Women Need to Change the Way They Talk about Bodies; Sarah Riley Is a Senior Lecturer in the Psychology Department at Aberystwyth University, Where She Teaches Qualitative Methods and Is Part of the Team Designing Its New MSc in Health Psychology
RESEARCH suggests that most women talk negatively about the size and shape of their bodies.
This kind of talk has been given the name "fat talk".
One of the interesting things about fat talk is that fat people generally don't do it - slim people do.
So how have we ended up in a place where slim people complain about being fat? As a critical psychologist interested in health and social issues, I answer this question by thinking about people's talk as a social process that has psychological and social consequences, rather than a simple description of how people think or feel.
In relation to fat talk I'm therefore less interested in if a speaker really thought they were fat and more interested in the psychological and social functions of this talk.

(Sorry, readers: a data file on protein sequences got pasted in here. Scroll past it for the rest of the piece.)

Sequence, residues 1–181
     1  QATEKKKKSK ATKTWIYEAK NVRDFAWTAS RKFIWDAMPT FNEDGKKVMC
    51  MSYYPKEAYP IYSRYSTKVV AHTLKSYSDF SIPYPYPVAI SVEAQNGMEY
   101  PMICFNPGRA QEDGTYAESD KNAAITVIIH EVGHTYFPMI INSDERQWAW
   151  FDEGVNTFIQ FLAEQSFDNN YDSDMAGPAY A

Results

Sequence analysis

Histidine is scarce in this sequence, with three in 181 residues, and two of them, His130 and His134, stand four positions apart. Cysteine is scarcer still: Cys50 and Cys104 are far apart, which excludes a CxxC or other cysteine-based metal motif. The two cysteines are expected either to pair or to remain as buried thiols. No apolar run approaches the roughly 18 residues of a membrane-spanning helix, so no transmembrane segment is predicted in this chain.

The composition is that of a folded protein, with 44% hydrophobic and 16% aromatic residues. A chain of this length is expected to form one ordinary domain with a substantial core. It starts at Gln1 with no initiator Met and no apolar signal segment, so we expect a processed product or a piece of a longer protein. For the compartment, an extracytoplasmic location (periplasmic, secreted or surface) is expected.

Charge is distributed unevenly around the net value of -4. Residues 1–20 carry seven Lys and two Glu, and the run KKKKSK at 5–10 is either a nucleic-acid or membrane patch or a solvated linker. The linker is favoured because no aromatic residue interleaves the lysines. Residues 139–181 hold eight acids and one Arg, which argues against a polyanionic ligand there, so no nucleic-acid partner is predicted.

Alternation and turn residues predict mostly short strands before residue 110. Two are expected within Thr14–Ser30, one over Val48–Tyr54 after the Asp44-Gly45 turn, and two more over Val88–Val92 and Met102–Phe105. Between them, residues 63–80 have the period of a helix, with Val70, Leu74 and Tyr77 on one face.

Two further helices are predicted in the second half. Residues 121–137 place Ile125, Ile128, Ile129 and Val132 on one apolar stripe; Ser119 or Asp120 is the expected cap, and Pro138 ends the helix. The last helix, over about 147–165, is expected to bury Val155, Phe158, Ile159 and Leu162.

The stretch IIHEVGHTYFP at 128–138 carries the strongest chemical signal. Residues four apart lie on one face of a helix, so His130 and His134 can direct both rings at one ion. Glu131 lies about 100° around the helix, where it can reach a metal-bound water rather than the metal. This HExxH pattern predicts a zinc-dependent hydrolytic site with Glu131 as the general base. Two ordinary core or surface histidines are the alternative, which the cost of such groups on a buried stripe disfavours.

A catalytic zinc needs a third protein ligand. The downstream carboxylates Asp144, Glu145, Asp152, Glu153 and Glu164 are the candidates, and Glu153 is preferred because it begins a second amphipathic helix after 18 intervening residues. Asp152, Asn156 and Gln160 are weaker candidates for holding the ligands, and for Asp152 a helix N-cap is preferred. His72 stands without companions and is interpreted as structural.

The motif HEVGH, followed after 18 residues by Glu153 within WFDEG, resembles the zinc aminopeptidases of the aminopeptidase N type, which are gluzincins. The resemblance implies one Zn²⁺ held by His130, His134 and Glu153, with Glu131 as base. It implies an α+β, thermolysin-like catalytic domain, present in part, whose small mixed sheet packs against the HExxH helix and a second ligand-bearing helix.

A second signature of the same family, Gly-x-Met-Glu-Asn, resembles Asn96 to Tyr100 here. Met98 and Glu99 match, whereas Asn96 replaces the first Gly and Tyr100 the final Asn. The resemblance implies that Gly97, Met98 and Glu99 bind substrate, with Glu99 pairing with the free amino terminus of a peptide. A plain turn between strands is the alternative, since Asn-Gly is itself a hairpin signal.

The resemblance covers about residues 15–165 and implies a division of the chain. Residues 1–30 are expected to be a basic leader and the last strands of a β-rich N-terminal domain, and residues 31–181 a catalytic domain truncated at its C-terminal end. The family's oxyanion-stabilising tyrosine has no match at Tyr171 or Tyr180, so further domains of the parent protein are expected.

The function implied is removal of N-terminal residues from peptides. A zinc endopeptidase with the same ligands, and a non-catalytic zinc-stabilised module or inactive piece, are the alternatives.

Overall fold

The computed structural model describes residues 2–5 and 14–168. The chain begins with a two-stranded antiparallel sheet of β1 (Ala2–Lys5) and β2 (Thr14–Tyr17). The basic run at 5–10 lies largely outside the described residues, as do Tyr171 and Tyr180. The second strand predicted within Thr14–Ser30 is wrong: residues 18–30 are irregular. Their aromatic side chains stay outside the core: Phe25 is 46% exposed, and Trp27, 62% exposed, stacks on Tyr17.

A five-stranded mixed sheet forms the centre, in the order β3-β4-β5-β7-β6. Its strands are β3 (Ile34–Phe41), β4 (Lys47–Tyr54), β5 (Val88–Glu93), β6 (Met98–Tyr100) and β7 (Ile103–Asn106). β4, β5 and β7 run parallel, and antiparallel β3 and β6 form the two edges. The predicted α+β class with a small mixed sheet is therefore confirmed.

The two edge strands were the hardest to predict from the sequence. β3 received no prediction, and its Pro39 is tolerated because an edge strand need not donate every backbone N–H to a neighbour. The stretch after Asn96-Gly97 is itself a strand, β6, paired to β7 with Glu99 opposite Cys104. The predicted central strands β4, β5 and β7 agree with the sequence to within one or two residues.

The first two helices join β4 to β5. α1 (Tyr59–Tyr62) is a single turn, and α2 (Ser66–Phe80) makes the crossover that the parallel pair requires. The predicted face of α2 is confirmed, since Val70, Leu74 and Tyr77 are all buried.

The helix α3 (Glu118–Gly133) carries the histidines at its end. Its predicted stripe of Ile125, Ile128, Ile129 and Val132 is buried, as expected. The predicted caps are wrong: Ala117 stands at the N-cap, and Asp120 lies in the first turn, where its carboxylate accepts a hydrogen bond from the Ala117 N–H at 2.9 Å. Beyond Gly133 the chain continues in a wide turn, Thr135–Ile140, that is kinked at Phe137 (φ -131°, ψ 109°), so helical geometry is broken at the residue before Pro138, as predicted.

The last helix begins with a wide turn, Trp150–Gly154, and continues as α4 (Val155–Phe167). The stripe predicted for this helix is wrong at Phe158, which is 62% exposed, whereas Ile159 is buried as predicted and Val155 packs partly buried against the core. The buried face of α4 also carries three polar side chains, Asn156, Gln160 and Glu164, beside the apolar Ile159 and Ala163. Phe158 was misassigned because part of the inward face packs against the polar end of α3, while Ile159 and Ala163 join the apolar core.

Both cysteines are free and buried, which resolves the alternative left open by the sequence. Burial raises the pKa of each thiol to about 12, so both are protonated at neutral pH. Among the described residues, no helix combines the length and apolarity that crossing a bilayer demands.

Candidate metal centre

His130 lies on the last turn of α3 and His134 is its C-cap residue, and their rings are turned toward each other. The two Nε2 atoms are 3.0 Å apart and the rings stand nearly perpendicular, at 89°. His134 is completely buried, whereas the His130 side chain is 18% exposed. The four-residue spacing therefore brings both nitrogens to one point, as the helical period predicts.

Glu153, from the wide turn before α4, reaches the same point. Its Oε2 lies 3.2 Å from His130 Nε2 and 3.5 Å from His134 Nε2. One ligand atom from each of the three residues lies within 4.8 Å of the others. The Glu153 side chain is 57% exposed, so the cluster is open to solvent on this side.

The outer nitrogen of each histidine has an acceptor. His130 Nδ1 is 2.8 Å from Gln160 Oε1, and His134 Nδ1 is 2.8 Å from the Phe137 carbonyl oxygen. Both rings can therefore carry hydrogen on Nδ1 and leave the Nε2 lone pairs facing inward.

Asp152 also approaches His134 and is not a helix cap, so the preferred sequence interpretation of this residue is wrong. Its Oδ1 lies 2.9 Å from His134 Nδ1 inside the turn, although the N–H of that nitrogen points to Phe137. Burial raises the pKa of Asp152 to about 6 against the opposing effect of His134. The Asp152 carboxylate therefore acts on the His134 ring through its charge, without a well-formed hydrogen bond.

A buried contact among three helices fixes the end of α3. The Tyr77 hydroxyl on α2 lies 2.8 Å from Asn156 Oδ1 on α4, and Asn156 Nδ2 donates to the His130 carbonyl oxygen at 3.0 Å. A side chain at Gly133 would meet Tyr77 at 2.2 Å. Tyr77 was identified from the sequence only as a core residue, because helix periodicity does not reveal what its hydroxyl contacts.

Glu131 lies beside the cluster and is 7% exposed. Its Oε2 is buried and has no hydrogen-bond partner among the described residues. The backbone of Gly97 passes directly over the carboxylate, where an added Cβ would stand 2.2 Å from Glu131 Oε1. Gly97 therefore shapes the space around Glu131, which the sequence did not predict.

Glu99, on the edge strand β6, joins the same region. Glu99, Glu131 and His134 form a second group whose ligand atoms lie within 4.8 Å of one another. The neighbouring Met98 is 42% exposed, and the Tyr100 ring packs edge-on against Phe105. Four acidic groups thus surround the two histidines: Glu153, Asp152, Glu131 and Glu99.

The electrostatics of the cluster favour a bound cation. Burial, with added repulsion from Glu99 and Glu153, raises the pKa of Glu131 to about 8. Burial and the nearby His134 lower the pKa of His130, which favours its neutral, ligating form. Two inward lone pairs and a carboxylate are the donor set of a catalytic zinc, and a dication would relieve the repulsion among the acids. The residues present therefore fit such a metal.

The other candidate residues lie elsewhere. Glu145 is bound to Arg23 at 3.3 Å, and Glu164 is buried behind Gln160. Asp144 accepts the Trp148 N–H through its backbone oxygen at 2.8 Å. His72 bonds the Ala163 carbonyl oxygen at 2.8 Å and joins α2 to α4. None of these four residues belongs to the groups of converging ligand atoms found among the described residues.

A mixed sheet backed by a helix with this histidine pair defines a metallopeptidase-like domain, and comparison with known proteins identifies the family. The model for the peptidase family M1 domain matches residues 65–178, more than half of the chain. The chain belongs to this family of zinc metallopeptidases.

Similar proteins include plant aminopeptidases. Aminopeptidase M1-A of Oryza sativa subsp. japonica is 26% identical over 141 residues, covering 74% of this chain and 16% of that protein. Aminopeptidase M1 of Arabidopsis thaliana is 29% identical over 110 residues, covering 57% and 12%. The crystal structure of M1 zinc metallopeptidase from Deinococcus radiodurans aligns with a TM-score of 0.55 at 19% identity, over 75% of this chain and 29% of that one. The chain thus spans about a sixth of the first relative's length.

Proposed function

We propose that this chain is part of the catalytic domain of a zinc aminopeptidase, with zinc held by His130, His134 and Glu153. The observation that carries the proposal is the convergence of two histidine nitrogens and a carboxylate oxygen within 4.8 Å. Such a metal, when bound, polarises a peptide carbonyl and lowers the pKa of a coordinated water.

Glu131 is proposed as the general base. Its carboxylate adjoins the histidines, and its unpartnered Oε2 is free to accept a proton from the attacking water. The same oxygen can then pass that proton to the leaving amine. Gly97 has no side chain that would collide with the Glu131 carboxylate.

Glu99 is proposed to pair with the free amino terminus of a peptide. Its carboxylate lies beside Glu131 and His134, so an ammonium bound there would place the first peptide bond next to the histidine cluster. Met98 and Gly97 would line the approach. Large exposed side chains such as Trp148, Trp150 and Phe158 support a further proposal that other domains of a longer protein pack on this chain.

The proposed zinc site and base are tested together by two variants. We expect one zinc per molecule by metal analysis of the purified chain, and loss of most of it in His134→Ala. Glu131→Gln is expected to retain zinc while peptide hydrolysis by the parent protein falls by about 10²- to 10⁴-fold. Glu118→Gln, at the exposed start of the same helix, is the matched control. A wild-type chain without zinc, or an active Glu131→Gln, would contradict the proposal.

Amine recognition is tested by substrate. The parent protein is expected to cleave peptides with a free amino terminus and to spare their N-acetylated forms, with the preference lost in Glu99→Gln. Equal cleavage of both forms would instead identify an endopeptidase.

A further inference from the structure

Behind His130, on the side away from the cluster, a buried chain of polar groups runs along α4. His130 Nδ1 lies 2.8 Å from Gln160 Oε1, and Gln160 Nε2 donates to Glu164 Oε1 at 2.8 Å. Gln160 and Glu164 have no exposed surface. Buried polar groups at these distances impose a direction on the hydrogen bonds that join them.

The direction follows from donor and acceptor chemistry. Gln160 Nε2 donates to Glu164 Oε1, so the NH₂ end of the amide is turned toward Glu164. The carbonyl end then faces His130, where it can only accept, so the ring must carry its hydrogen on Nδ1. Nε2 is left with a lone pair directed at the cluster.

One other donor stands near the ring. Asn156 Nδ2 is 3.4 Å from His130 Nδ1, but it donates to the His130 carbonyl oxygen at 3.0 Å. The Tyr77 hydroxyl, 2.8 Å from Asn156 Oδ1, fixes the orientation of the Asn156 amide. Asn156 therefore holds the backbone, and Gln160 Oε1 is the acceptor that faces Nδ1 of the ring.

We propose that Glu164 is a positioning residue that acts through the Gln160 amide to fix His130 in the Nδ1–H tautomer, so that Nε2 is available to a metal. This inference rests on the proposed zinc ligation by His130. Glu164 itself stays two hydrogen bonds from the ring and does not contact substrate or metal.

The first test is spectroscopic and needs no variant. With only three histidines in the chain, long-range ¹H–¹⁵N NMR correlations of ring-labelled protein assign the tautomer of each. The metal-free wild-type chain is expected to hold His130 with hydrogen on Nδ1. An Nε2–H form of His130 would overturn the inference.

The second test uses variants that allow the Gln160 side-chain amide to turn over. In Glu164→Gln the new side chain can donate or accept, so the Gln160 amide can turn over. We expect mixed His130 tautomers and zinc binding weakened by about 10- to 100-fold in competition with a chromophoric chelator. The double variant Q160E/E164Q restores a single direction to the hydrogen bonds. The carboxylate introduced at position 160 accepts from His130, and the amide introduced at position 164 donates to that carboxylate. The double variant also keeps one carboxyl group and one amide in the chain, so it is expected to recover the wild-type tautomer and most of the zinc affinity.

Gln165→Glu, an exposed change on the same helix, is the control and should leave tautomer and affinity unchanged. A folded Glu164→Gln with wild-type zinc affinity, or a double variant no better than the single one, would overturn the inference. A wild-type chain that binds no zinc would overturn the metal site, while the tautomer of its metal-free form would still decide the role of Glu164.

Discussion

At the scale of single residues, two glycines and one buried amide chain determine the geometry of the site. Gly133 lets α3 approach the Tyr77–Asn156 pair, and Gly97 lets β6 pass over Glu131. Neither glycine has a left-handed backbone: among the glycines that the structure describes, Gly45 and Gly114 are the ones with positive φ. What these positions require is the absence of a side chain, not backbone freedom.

In relation to fat talk there seems to be several functions - because it's something that women do, doing it can make you feel like a woman.
And, since women often have back and forth conversations saying how fat they are, but how their friend isn't, fat talk is a vehicle for female bonding.
Fat talk also allows women to draw attention to their bodies, inviting others to look at them, but because they are doing it in a critical way, this invitation to look, and perhaps admire them, can be done without them being accused of …
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Publication information: Article title: Women Need to Change the Way They Talk about Bodies; Sarah Riley Is a Senior Lecturer in the Psychology Department at Aberystwyth University, Where She Teaches Qualitative Methods and Is Part of the Team Designing Its New MSc in Health Psychology. Contributors: Not available. Newspaper title: Western Mail (Cardiff, Wales). Publication date: December 10, 2012. Page number: 25. © 2009 MGN Ltd. COPYRIGHT 2012 Gale Group.